Microtransactions in the game industry – why do they exist?

When video games first appeared, buying them was a relatively simple process. You probably remember walking into a store, buying a game for your console or computer, and then happily returning home in anticipation. With the advent of the Internet (especially high-speed broadband and WiFi connections), it has become possible to sell games online.

It’s no longer necessary to leave the house. You can buy games from digital stores like Steam, Playstation Network, Nintendo eShop, and even mobile platforms like the App Store and Google Play Store. However, the growth in the sale of digital copies of games has also led to the emergence of microtransactions.

This is anything you can buy in a game, such as items, armor, upgrades, premium features, and more. Microtransactions have been included in many games, from free mobile apps to blockbusters from well-known developers. Their use is controversial and is often a major topic of discussion in the gaming community.

In this article, we will find out precisely what microtransactions are and their main problem. If you like to purchase various bonuses and cosmetic items in games, you’re probably used to paying in fiat currency.

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Types of microtransactions

Here are the main types of microtransactions in games:

  1. Cosmetic items are things that change the appearance of the character, his weapons, and everything else. They do not affect the game. Usually, only people who have extra money or are really into the game buy them.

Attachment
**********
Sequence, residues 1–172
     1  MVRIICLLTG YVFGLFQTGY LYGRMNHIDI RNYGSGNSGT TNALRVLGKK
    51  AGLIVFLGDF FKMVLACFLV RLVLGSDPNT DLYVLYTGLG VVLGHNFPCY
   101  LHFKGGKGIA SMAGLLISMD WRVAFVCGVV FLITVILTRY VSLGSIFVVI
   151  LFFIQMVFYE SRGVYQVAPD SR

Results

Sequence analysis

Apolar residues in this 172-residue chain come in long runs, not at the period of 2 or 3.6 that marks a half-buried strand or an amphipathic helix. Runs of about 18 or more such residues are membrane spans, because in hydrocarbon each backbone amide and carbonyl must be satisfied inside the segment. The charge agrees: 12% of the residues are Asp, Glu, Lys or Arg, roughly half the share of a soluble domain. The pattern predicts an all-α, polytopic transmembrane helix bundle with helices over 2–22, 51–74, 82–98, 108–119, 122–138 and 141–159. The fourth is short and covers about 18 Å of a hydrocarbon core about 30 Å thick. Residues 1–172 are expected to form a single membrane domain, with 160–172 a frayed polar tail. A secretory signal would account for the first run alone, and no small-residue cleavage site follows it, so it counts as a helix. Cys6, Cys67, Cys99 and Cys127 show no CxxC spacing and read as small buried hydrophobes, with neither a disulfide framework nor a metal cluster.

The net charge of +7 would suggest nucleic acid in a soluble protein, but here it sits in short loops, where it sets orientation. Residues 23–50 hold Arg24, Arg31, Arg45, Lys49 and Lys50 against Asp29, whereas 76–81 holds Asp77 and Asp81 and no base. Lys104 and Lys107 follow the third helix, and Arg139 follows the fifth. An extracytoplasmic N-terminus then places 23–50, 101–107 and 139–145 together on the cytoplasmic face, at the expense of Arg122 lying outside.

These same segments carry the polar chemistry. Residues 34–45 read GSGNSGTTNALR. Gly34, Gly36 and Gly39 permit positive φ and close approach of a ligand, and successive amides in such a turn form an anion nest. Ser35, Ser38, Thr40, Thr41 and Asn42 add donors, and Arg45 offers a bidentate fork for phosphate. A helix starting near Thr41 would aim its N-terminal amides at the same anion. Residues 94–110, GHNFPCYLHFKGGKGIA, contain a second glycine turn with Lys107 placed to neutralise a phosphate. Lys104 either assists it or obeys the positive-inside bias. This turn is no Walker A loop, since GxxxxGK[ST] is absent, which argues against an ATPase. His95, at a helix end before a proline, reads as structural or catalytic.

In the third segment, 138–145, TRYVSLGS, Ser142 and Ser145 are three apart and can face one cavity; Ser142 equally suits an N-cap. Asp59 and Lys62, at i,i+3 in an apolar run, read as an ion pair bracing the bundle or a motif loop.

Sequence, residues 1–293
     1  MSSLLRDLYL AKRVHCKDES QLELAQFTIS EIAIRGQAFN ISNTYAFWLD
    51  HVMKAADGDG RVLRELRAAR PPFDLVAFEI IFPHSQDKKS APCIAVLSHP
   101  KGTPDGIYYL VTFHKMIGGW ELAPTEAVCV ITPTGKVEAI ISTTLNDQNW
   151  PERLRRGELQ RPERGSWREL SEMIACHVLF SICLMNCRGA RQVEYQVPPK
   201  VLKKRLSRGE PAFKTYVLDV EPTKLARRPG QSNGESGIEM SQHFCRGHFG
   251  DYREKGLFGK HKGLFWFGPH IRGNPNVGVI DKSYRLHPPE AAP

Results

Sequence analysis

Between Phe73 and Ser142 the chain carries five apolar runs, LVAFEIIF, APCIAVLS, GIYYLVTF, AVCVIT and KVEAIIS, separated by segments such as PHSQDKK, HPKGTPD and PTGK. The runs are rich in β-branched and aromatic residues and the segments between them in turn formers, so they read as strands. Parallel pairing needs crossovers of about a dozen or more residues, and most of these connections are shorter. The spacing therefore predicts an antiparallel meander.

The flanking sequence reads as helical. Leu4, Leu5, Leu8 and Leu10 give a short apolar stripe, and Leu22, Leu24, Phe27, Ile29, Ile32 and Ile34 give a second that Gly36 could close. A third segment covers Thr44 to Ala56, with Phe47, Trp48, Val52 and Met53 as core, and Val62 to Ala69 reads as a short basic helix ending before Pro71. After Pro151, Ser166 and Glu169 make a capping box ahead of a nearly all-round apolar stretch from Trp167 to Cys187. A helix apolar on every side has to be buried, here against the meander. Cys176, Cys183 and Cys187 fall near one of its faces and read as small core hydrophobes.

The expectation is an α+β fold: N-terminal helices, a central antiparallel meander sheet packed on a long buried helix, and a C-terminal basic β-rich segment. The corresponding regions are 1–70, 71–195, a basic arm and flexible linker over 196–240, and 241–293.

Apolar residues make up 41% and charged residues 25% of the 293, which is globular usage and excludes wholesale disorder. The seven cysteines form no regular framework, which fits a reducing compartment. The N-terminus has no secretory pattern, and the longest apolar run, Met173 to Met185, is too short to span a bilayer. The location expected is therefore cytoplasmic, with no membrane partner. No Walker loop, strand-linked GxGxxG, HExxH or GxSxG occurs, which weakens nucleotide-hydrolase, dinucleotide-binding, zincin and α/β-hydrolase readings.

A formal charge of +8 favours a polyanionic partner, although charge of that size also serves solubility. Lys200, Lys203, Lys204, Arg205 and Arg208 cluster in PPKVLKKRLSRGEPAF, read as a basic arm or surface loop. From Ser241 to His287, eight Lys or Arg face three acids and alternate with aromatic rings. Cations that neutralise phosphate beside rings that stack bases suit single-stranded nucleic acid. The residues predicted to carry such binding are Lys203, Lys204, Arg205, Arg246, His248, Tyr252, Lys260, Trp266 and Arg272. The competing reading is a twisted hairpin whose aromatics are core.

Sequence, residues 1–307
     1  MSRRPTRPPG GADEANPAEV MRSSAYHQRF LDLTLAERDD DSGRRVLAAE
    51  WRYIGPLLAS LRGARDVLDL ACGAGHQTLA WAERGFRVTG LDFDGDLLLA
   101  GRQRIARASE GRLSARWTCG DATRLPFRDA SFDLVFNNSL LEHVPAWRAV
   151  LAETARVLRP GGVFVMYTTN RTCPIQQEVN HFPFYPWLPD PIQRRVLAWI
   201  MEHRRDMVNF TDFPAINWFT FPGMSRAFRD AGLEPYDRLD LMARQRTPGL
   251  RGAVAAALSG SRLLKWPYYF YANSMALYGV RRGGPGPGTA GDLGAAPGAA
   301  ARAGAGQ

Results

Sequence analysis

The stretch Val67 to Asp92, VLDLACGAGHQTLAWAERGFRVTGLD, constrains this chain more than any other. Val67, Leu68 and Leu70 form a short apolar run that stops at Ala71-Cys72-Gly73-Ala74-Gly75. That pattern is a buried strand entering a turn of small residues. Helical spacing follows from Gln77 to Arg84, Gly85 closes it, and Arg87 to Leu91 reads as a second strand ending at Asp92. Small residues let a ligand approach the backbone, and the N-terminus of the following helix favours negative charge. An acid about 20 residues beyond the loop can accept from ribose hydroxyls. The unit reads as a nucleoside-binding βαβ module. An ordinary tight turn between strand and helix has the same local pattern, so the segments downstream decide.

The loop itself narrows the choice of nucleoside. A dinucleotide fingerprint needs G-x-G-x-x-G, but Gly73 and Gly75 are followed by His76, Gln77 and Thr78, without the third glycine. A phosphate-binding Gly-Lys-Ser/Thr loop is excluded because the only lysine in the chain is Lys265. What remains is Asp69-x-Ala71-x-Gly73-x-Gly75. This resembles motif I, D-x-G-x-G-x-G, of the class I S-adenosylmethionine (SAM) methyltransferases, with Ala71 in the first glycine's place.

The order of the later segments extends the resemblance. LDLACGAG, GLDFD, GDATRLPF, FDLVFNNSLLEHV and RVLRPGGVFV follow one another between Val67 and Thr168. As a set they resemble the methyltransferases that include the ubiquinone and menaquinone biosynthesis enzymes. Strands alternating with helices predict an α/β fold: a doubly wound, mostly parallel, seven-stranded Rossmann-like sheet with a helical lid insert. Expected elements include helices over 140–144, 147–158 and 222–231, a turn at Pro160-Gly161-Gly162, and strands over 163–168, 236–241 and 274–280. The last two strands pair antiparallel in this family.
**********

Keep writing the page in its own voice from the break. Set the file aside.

2. Acquisition advantage – things that players buy to be cooler. These are, for example, unique weapons that do many times more damage or armor that has a record-breaking amount of durability and damage absorption. This is the kind of microtransaction that the vast majority of players hate because it gives one player an advantage over another.
  3. Bypassing restrictions – This type of microtransaction is mainly used in mobile games. Such bonuses help to bypass the artificial limitations that the developers have created in the game. For example, the impossibility of committing an action before the timer expires.
  4. Time savers are microtransactions when you have to pay to level up the processes in the game. They do not give such advantages (in contrast to the second point) but allow you to achieve the same progress while spending much less time.

These are the most popular types.

The problem of microtransactions

The main problem with microtransactions is their inadequate and improper implementation; the fact that some give an advantage is half the trouble. Microtransactions also often have an authorization problem, even if they are authenticated. Registering an account with some app stores requires entering data about the preferred payment method.

In practice, it’s common for an in-game store to encourage uninformed users or children to make random purchases, and the user may need to realize that they are spending real money. More clarity is often needed by using in-game currency, which is required to purchase various improvements.

Their prices are not expressed in convertible currency but in virtual money. These can be crystals, gold coins, hearts, or any other appropriate item for a particular game. And the user often needs a clearer idea of the actual value of the object he buys. A player can purchase something costly and go bankrupt overnight because his credit card was linked to his account.

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